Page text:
An employee, or the employer, (which should go without saying may be an employee too, but called a boss) is expected have a legitimate argument based upon the burden of proof to actually win the FIRST unemployment appeal hearing.
Yet, it's still those who have lost their job through no fault of their own that lose an appeal seventy-five percent of the time when unrepresented. And often enough the hearing decision is correct to deny benefits.
However, it is estimated approximately half that do lose an appeal hearing could of won had they been represented. It is an alarming, but from my perspective, it shows the importance of knowing what you should be trying to prove at an unemployment hearing to get, or keep benefits.
Please read the disclaimer: This is general information about unemployment benefits and appeals based upon a job experience working for UI cost control companies. Nothing is intended to be more than general information for you to follow up on to see if it may apply to the quest to collect unemployment benefits.
I doesn't matter whether you were initially approved to receive, or were denied the right to collect unemployment benefits an appeal is possible .. and often unavoidable because an employer is the party that appeals most often.
Appealing the first determination of benefits is in order and a right when a claimant, or an employer disagrees with the finding. But writing that letter also implies, you understand what will be expected of you because you appealed.
There will be one party expected to prove (sustain) the burden of proof regarding the cause for separation from a job and of course the other party who is expect to know how to rebut the argument behind one that proves good cause to be the moving party.
What is the standard of unemployment law required to prove, or rebut a burden of proof for good cause to quit, or discharge?
Let's face it, an employer may, or may not have good cause to terminate an employee that at least , rises to meet the burden of work related misconduct.
But why do employees assume there can never be good cause to quit a job, or choose to ignore those efforts one must make as an employee to prove it was a quit due to the fault of the work, or employer?
Once you read some, it will be clear I can become a little annoyed with those who ignore the burden when they asked me questions about collecting unemployment benefits .. without addressing some facts relevant to proving, or rebutting a burden, but it took a few years and that's why there's so many Q&As to choose from.
Of course you can. I know this because the possibility is included in all state employment security act (another name for unemployment laws).
I'm not telling you quitting a job is an easy thing to do and prove good cause for doing so.
But I am telling you having good cause is the burden of imposed by UI law, to quit and collect unemployment benefits. Employees who quit fail so often to acquire proof of good cause, getting an employee to quit first has become a strong strategy relied upon by business to shift their lackluster case for misconduct to you.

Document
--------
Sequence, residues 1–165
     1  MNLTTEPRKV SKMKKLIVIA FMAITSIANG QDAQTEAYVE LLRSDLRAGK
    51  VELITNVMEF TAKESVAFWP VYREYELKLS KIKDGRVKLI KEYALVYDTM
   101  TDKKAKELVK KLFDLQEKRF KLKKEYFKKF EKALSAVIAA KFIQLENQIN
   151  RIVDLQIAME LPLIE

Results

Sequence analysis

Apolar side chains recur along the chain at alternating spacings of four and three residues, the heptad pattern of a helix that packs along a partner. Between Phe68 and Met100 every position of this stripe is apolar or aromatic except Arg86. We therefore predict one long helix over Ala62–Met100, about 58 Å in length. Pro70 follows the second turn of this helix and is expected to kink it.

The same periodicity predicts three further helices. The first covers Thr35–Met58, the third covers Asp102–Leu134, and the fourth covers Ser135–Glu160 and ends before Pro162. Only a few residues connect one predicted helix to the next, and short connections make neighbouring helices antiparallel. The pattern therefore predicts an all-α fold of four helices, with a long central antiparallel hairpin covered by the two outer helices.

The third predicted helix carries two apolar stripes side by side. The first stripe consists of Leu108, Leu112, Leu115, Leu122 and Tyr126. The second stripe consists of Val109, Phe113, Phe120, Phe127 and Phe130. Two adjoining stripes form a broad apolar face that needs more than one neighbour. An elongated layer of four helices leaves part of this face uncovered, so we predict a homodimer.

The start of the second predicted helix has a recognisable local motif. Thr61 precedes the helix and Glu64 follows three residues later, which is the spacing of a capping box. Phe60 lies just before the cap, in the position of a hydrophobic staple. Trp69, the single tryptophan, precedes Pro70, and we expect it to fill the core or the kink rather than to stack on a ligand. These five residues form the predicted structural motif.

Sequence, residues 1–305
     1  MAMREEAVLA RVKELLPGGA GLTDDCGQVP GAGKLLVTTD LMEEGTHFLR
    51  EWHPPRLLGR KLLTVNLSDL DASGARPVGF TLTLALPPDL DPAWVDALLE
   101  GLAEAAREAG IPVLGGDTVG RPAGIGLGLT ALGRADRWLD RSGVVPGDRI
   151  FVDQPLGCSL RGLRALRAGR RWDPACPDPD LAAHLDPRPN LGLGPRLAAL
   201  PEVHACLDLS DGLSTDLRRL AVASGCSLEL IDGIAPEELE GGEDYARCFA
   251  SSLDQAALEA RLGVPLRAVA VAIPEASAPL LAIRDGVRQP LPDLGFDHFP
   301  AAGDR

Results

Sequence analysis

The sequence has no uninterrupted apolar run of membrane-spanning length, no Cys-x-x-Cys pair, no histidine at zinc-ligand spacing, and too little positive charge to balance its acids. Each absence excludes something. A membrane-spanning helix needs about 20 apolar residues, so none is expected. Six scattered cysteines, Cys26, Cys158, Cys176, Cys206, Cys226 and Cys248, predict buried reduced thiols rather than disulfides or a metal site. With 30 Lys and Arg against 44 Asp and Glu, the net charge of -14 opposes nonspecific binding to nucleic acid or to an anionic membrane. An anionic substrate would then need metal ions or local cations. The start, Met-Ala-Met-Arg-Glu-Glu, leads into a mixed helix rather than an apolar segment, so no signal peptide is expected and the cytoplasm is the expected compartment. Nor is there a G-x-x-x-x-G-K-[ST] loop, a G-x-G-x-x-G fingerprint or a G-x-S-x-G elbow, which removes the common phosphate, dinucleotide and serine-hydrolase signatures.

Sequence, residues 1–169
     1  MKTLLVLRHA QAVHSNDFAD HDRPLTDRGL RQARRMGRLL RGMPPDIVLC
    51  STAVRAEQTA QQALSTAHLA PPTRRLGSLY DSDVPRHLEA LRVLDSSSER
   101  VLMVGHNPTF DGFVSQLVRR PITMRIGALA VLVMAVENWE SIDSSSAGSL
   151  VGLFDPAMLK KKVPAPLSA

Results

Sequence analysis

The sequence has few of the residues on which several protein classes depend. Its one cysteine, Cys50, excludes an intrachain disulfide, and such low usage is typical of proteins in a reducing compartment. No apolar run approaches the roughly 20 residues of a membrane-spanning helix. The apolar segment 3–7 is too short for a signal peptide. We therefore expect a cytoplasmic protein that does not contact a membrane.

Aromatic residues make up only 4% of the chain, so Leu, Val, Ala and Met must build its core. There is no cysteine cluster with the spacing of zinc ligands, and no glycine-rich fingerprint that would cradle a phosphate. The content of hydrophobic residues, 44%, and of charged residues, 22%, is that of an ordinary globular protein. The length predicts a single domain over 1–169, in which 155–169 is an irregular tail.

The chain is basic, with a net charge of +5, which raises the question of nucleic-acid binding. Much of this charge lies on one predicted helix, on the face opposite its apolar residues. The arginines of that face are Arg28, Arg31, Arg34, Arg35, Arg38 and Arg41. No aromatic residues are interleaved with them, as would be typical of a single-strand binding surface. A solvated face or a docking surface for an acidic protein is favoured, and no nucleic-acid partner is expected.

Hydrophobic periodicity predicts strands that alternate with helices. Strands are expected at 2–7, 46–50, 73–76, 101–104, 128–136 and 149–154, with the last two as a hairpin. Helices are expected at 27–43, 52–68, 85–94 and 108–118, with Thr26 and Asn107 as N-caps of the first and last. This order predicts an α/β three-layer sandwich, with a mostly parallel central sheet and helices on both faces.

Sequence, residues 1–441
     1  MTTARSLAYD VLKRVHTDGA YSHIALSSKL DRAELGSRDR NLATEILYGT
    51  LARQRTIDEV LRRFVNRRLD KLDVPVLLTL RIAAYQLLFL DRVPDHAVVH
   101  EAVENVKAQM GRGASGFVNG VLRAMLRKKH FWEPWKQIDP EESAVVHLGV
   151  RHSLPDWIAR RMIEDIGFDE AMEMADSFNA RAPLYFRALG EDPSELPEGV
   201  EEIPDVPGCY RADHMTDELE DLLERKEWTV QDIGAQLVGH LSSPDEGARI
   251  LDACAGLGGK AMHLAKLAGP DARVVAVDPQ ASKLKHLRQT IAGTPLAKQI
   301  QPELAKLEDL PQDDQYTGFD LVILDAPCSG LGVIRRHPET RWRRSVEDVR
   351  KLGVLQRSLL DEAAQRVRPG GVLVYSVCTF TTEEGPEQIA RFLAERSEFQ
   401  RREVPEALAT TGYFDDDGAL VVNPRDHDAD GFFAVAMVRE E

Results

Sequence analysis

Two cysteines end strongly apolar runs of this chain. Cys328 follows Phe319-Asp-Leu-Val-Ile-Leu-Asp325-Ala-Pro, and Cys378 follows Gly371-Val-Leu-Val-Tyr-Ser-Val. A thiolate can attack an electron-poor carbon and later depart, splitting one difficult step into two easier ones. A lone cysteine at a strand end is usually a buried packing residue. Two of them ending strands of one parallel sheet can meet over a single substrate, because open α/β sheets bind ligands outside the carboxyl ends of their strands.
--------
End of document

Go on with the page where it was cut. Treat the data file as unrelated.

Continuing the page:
I have found after speaking to many people who have been fired from their job that it's employees who are focused on working in the best interest of an employer .. that are given to pondering how they might of actually been responsible for being fired.
All I got to say is .. knock that off, at least for now, and read a famous unemployment precedent decision which defined what work related misconduct is, so you know what your former employer is up against in general terms to prove their burden of having good cause.
What is the opposite of suitable work? Unsuitable of course.
So I ask you, if collecting unemployment benefits requires that you not refuse, or quit suitable work without good cause isn't it a good idea to know some criteria used by a UI dept. that helps them establish what makes any job suitable to you
Temporary staffing outfits serve a useful purpose in that permanent employment seems to be a thing of the past, or something we have to now tryout for.
But being an employee of a temp agency who sends you out on temp assignments, is not much different than being a permanent employee whose work schedule is contingent on receiving suitable work assignments.
But, a number of state UI laws include special voluntary quit provisions just for temp employees which require you to be informed and on your toes .. always, for those times when the temp agency can't provide you with a suitable temp assignment.
If you are collecting unemployment benefits when you start school, or training, you are raising a flag for the unemployment department on a conditional eligibility issue to collect called being Able and Available .. for work of course. Some state unemployment laws even have special provisions to address this situation. Of course interpreting how a state law is applied to the issue can be confusing .. so thank goodness for the state by state UI law comparison charts.
Most unemployment claims are initially determined two ways. First, you get what they call the monetary determination. It qualifies you for the amount of benefits you can receive, based upon wages paid to you during your claims base period and determines the weekly benefit amount you will receiving if found otherwise eligible to receive benefits based upon the reasons for separation from a job. Some people believe the first monetary determination means they get benefits .. If only it were really that simple.